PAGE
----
AgCenter introduces new landscape plants program

(05/27/16) HAMMOND, La. – Horticulturists at the LSU AgCenter Hammond Research Station are on the hunt to rediscover underused landscape plants that have performance potential in Louisiana.

Their program, called Plants with Potential, is looking for plant materials that are “unprotected,” said horticulturist Jason Stagg.

“A core component of the program is offering plants that can be propagated without any restrictions,” Stagg said.

Increasing numbers of newly developed varieties on the market carry invention patents, he said. “And protecting inventors’ development costs is important.”

Horticulturists at the Hammond Research Station introduced the program to wholesale and retail nurseries and landscape professionals in 2015.

Plant species or varieties selected for the program currently have limited or no distribution and little use in the state, said AgCenter horticulturist Allen Owings. “But evidence suggests they have excellent landscape performance potential in ourchallenging climate.”

Small-to-medium-size nursery growers could benefit from learning about and receiving these stock plants for evaluation of growth characteristics or customer interest, Owings said.

“Nurseries may be able to broaden their product lines, and landscapers could diversify their plant material palettes to grow their respective businesses,” he said.

Using non-patented plant material free from propagation restrictions can present a significant cost savings and lower risk of offering these new selections, Stagg said. These plants also could be sold at Master Gardener events and at local farmers markets.

“We have an extensive network of plant professionals,” Stagg said. “This allows for discovering and acquiring underused plants that may already be performing well in our challenging conditions.”

This program is designed only to increase awareness and distribution of these plants, Owings said.

“The station is actively engaged with many industry partners and is a trusted source of reliable landscape performance information for ornamentals,” he said.

In 2015 the AgCenter introduced several Plants with Potential, including Musaica and Kapiolani Bronze copper plants, Mary Helen begonia, a creeping form of buttercup (Turnera), Nova pentas, Silke’s Dream salvia, Belle Starr Gold lantana, Florida Dwarf Rose purslane and Barbara Rogers begonia, Stagg said.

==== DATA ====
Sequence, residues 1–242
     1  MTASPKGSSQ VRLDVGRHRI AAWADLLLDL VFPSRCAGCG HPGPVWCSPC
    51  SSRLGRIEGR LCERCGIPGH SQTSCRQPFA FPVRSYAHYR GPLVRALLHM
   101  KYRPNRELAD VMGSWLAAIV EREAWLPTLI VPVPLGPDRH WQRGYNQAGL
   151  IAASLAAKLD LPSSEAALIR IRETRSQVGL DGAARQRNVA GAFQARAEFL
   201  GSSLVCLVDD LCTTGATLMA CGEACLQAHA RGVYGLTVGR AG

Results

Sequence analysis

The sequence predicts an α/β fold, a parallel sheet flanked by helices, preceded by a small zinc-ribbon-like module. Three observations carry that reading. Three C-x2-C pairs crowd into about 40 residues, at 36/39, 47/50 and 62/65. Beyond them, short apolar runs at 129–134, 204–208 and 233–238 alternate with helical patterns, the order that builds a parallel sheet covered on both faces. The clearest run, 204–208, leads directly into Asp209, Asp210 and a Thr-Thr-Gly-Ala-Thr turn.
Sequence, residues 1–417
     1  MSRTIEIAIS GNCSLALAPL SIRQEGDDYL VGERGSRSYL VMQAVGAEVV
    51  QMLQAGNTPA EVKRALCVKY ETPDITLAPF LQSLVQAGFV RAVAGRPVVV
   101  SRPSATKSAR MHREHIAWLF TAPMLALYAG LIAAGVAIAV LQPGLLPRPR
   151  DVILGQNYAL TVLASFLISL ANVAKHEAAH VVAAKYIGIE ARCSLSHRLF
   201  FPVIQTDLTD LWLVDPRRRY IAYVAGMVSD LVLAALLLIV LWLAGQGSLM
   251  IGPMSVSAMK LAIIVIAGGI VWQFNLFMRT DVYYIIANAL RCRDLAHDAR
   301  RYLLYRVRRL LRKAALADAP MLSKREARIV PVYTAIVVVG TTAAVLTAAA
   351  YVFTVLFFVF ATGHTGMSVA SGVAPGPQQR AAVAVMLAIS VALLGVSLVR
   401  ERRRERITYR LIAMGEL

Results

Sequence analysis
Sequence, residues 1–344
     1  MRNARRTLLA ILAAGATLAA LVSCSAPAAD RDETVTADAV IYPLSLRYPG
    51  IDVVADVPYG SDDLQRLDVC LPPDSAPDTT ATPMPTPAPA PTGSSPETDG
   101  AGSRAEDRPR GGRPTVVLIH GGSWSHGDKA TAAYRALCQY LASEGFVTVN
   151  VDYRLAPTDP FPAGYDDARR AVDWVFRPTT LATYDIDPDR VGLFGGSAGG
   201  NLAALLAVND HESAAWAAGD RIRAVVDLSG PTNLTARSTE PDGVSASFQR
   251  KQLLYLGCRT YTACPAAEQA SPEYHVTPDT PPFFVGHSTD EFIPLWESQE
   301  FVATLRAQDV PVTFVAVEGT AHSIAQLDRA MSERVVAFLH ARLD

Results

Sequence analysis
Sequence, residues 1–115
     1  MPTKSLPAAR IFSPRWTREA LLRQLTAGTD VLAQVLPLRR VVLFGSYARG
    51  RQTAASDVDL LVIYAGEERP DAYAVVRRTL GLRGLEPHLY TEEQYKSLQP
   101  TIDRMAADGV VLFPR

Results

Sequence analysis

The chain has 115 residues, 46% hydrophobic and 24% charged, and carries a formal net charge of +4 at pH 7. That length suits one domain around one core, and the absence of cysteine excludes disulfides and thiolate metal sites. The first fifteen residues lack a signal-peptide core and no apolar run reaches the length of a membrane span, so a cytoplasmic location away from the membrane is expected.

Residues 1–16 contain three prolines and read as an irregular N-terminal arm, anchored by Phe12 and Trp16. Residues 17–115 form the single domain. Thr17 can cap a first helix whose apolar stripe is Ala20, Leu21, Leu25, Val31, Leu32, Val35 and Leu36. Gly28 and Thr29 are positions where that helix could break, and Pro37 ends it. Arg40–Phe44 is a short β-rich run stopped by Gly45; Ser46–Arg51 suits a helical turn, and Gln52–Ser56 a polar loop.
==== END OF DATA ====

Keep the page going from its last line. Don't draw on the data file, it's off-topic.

Plants with Potential for 2016 include red velvet plants, a cestrum, two verbenas, chicken gizzard plant and a pentas.

Red velvet plant is an unusual tropical foliage plant ideal for bed edgings and mixed containers. It has aromatic, richly colored burgundy leaves. Plants grow 18 inches by 14 inches and do best in full to partial sun. These will only be perennial in extreme south Louisiana and in frost-protected landscape locations, Stagg said.

Orange Peel is one of the best cestrums at the Hammond Research Station, he said. It is a hybrid and grows as a large tropical shrub that will take the heat.

“This plant does best in full sun with good drainage and makes a good container plant,” Stagg said. “It is great for hummingbirds and butterflies and makes a nice display of golden yellow to light orange fragrant tubular flowers.”

Carlos Smith and Snow Flurry, also known as Colonial White, are the two verbena varieties.

Carlos Smith is a unique white and lavender bi-color blooming family heirloom variety from former LSU AgCenter horticulturist Carlos Smith. Snow Flurry verbena has pure white flower clusters on dark green foliage and grows a little more upright than other verbenas.

“Both verbenas have their best landscape performance in the late-winter-to-late-spring season and in the fall,” Stagg said.

Chicken gizzard plant is an Iresine. It is a colorful, lush tropical foliage plant with burgundy or red leaves with magenta veining.

Use it as you would coleus in the landscape or containers, Stagg said. Grown in part sun or part shade, chicken gizzard plants grow to 2 feet tall by fall.

Pink Remembrance pentas is an old heirloom variety similar to Nova that was released in 2015, Stagg said. It has soft light pink blooms. Flowers on this variety and Nova are larger than on many pentas sold at garden centers.

These plants attract butterflies, bees and other pollinators. “This variety has been established for 15 to 20 years at the New Orleans City Park Botanical Garden,” Stagg said.

The LSU AgCenter is actively distributing these plants to industry partners and master gardener groups, Owings said. “The Plants with Potential program will result in new plants for Louisiana landscapes being sold in the next few years.”

Carlos Smith is a bicolored heirloom verbena variety.JPG thumbnail

Carlos Smith is a bicolored heirloom verbena variety. Photo by Allen Owings

Light to medium pink flowers adorn Pink Remembrance Pentas..JPG thumbnail

Light to medium pink flowers adorn Pink Remembrance pentas. Photo by Allen Owings

Chicken Gizzard Plant.JPG thumbnail

The chicken gizzard plant, or Iresine, produces brilliant red foliage. Photo by Allen Owings

5/26/2016 3:30:27 PM
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